Your efforts to lose weight may be doomed to fail regardless of how disciplined you are, according to hormone experts. And it made be down to a group of hunger-boosting hormones you have no control over.
“It is the only clearly identified peripheral hormone that stimulates appetite,” Professor John Furness – Melbourne University
Monash University’s Dr Zane Andrews, an authority on how the brain regulates food intake, tells The New Daily that our bodies are designed to hoard food and ward off weight loss.
If you gain and retain extra kilos, your body soon resets its internal bodyweight regulator to think of this excess weight as ‘normal’, according to Dr Andrews.
When you start cutting back, the brain is tricked into thinking it is starving, and fights to defend the extra weight by unleashing ghrelin (pronounced grell-en), a hormone which makes you hungry.
Humans are hardwired to get obese, according to the Dr Andrews. This may be a byproduct of our evolution – a throwback to times when food was always scarce.
“If you have the opportunity to eat all you can eat, you do it, and you get obese. And once you’re obese, you stay obese, because if you’re faced with six months of low food availability the people that are going to survive are the ones that have the most energy stores to start with,” Dr Andrews says.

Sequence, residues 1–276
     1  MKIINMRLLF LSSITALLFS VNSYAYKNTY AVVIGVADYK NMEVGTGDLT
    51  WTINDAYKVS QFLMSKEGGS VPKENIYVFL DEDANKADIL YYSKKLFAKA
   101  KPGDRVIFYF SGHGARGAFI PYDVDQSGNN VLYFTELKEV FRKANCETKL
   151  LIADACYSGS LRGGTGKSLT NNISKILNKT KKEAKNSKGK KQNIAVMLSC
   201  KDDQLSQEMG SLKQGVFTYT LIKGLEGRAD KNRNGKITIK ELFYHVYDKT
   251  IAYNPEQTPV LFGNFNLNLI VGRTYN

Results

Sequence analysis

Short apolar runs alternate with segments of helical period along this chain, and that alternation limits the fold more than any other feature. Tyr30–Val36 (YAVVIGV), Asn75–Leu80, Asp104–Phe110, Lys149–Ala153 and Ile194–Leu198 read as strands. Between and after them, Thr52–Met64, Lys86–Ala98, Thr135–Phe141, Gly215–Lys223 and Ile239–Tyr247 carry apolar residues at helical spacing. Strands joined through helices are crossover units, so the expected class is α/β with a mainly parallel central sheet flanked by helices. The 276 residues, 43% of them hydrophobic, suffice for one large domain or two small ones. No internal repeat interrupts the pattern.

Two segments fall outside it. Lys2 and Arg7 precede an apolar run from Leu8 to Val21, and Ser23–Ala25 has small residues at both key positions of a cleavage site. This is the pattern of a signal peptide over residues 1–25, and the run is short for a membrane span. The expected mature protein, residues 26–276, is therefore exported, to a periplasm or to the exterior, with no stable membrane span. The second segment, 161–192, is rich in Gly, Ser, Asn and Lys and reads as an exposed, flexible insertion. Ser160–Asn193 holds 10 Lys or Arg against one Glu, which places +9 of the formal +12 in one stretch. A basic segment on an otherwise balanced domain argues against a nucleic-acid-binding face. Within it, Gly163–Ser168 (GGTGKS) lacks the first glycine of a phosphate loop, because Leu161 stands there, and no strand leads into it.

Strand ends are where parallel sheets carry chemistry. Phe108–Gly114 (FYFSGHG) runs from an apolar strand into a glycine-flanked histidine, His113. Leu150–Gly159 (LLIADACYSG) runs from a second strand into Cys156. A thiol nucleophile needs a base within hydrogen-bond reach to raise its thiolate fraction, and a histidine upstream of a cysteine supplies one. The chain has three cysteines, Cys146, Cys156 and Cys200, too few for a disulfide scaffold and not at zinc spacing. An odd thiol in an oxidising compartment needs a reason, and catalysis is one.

The hunger hormone
Ghrelin is the name of your dieting nemesis.
According to University of Melbourne’s Professor John Furness, a ghrelin researcher, the stomach-secreted hormone has two main functions – to boost appetite and stimulate muscle growth.
“It is the only clearly identified peripheral hormone that stimulates appetite,” Professor Furness says.
Contrary to what you might expect, the body actually becomes resistant to ghrelin the more overweight you become. The brain simply stops listening to the ghrelin signals.
But if you start eating much less, ghrelin can kick back in with a vengeance.
Nope. Unfortunately, we cannot blame ghrelin for our tummy fat, no matter how much it thwarts our dieting attempts.
“A number of very extensive surveys have been done to see if there’s any instances where obesity can be attributed to overactive ghrelin, and the answer is that it can’t,” Professor Furness says.
We will not be seeing ghrelin-based diet pills any time soon, although the Professor did say that synthetic drugs based on ghrelin have been used in the US to treat those with poor appetite, such as HIV-AIDS and cancer sufferes. Research is ongoing into ghrelin as a treatment for diabetes, and it may also slow cancer cell growth.
The good news
While fad dieting, with its emphasis on massive weight loss in a short space of time, is probably doomed to fail, slight undereating is backed up by the science.
Try the Japanese motto of Hara hachi bu, which roughly translates as “eat until you are 80 per cent full”.
“There are studies that show that it is actually pretty good for you to slightly reduce your food intake,” Dr Andrews says.
Your body’s cells work more effectively, and create less toxic products like free radicals, in a state of “slight” calorie restriction, he says.
Your ghrelin levels will still go up slightly if you do this, but that’s okay, Dr Andrews says, because the hormone may improve learning and memory, and protect against degenerative conditions like Alzheimer’s and Parkinson’s disease.